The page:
My unique views on Aztec Art

( see pictures below as references )

Recently I’ve become quite interested in the history of Aztec Art. Yes, I know this is a bit weird because I should be paying attention to the history of the various indigenous societies and cultures of, well, if not my own country then at least my own continent : Africa. Well, I’ve never been one to conform 100% to prevailing trends, but at least I am being postmodern by crossing the culture border. Still I have respect and admiration for the South African art historians who write about beads, tribes like the Ndebele, post-Apartheid gay culture or fascinating outsider artists. But hey, everyone loves a taste of the exotic. Anyway, when I was younger I paid no attention to Aztec art since I paid no attention to the history of the Aztecs. This was mainly because I didn’t approve of their history of violence and human sacrifice.

Anyway, I’ve decided now that I’m trying to understand their art and culture a bit more, as well as their motivations and outlook. Cruelty may have been rife in these ancient societies, but ultimately there must have been many people there who did not approve of it, for example a certain ruler of a city state named Nezahualcoyotl ( although some believe his cruelty may have been downplayed for pro-Aztec propaganda in front of the Spaniards ).

I’m more interested in how these people, the ones who shunned violence, were influenced by or brainwashed to follow some of the more cruel traditions. I’m of course then especially interested in people like Aztec artisans who were probably by nature not particularly military-inclined individuals. What I’m saying is that they must have dealt more difficultly with the circumstances they found themselves in. Could they express their own societal and personal views by means of art like other generations of artists have over the ages? The obvious answer would be no. Their art had to have religious and military functions, it had to educate the citizens about the gods and the wars that were fought for humans to be captured and sacrificed ( such as the Flower Wars ). I’ve actually read a really negative article about an exhibition of Aztec art that was held in London some years ago. Some derogatory words were used such as references to their works as being “alien” instead of “highly original”, which they definitely have to be given credit for, at least. Even as a child I thought wow, thumbs up to them for reaching these levels of creativity! Their art symbolises in part to me a direct confrontation with death and destruction, of course, that need not necessarily be seen as an expression of their cruelty but rather as an expression of how they dealt with it or understood it. Instead of merely fearing death, these people confronted it defiantly. The lady who wrote about and attended the London exhibition of Aztec art described it as following:

“So the old forms were renewed with a modern audience in mind, in this case, a society that lived in (or was forced into) a state of constant terror. As far as I can see, pretty much the entire purpose of Aztec art was to scare the living daylights out of everyone who saw it.”

Again, this is quite a negative view of their art. To me it represents not so much works that try to instill one with fear as it does a type of acceptance of death etc as a part of life. This is especially understandable if one thinks back to a time when slavery, disease and wars were at the order of the day and human sacrifices had already been practiced in the rest of Mesoamerica for a very long time, and not merely by Aztecs. They of course also claim to have seen their human sacrifices as their contribution to their gods.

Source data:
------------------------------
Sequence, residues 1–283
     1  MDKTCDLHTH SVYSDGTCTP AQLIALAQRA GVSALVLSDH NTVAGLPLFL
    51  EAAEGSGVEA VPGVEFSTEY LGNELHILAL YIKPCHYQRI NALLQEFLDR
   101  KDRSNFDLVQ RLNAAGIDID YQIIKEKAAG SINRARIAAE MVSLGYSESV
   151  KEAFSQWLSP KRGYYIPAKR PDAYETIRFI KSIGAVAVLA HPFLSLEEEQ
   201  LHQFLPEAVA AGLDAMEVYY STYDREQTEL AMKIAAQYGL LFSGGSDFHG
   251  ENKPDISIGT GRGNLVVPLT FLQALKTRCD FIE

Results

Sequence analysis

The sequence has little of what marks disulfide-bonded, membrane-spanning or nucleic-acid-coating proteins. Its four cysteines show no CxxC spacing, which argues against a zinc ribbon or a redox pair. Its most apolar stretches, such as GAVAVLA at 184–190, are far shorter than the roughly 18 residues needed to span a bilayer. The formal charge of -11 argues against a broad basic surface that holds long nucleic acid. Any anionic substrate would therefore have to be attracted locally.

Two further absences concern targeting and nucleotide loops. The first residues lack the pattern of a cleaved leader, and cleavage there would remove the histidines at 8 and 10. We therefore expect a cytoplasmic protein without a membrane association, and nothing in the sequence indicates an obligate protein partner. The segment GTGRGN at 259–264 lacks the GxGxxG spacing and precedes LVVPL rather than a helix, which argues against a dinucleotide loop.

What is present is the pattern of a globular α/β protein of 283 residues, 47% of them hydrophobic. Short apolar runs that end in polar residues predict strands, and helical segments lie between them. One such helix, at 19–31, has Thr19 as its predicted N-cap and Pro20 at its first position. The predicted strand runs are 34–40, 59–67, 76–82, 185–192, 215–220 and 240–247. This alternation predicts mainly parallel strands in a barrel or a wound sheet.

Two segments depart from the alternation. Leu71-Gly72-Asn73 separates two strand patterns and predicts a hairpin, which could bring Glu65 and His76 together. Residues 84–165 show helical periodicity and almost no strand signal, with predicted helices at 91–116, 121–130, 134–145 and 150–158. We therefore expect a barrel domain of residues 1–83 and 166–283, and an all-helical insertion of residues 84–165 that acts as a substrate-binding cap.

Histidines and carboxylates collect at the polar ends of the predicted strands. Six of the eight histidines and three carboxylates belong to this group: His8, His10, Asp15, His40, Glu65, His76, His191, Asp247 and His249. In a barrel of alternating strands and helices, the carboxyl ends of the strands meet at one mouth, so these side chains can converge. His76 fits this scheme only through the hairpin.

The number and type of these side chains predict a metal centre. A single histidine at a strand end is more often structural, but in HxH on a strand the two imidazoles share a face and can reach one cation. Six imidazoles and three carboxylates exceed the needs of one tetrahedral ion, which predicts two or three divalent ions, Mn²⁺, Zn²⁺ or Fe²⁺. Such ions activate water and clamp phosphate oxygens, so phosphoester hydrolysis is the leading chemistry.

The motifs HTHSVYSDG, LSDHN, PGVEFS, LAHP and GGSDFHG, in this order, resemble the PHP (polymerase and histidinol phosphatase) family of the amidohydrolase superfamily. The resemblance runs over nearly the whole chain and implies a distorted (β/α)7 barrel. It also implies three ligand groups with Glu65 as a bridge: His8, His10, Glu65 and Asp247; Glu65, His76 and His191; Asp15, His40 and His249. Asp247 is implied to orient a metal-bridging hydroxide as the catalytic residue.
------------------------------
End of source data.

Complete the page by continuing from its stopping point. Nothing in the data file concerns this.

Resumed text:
I’m actually particularly interested in the evolution of Aztec art over the centuries…in how it changed as the society’s needs and features did. But I haven’t found an exact source on the internet for this question quite yet, though I will be sure to keep on searching. Understanding the slow evolution of the art works will shed more light on exactly how these people dealt with and understood their own circumstances.

Then one must also see the paradoxical use of beauty within the Aztec art. There is a certain type of beauty in the works that has also, of course, been overlooked by the lady who reported on the London exhibition. Some beautifying features of the works, even the more provocative and frightening ones, can be listed as following: extreme creativity ( including interesting use of the illusion of mobility in artworks ), fascinating use of symmetry and balance, bold, matching colors, and of course intricate and carefully-designed patterns. These features make many Aztec artworks truly precious and graceful despite their more gruesome and bizarre features. Now these features depart a bit from the purely ideological or religious purpose and physical appearances of the works. This blend of beauty and terror creates an interesting paradox. On the one hand, it serves to make the horror of the artworks as well as the horrors of Aztec life and beliefs seem even more “accepted”. It sort of creates a type of bond between beauty/pleasure and death/discomfort. It thus can be seen to sort of promote it. On the other hand, this beauty may also be seen to defy it. It can also be seen as an attempt to reach out to beauty and pleasure despite the morbid reality of the cruel lives of many Aztecs. There is thus defiance but also an acceptance within Aztec artworks of the more provocative and primitive elements of Aztec culture.

awesome links with pictures too: famsi.org/research/aguilar/A … _Part1.pdf
guardian.co.uk/artanddesign/ … tsfeatures
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cool stuff. didnt the aztecs use heiroglifics (however its spelled) like the egyptians?

Why do you assume so many abhorred the violence?